This summer Christopher was at the pool and he made a new friend.  They were the same height, the same age, they both loved swimming and they both were named Christopher.  My son talked about how much they had in common, how cool it was that they were so alike, same name and everything.  I laughed when I was talking to my husband about it.  Our son is the palest little boy, his friend was about as dark as you could hope to meet.  This little skin color thing was so unremarkable to them that they mention it at all… there was no “We are so alike — except the skin color”  It just didn’t come up.   My older daughter is very aware or color.  But not because of us.  The big difference is this: Christopher has been homeschooled.  He doesn’t learn about racial “issues” they way Ashley did.  When Ashley was 7 she came home crying one day.  Her class had been studying the civil rights movement as part of  “Black History Month”.  What Ashley got out of the little indoctrination session was this “Why are white people so mean to black people?” with tears and guilt that she was born the color of oppression.   It has stuck with her, it changed her.  No matter that we have friends with every pan-tone that human skin comes in.  No matter that her family’s entire experience with racial bigotry has been on the receiving end (Irish and Jewish) but she is supposed to be apologetic for wrongs committed by others with whom she has no connection because the powers that be benefit from a society where the populace is divided and controlled.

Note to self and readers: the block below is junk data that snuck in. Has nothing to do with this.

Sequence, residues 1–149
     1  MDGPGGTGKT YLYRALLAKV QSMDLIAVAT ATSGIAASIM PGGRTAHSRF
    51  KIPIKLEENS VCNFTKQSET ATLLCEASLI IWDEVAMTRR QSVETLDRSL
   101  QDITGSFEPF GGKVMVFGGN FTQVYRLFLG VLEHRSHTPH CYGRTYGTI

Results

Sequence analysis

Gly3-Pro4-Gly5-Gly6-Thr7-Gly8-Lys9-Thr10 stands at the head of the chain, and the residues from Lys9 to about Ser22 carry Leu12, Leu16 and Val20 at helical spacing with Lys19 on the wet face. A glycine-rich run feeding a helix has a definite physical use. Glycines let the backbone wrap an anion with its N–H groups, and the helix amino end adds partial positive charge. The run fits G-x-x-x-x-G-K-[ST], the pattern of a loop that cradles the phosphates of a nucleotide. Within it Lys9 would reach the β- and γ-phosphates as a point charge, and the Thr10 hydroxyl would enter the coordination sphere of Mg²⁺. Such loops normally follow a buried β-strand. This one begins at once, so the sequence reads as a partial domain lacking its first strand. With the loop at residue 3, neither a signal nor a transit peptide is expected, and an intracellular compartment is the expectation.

And that is what burns me.  No matter the rhetoric the real root of the gender and racial divide has so little to do with real bigotry.  It has so much to do with keeping vested political and commercial interests in their cozy spots and keeping the attention away from real issues.  Sad, true and frightening.

Leave a Reply

Fill in your details below or click an icon to log in: Logo

You are commenting using your account. Log Out /  Change )

Facebook photo

You are commenting using your Facebook account. Log Out /  Change )

Connecting to %s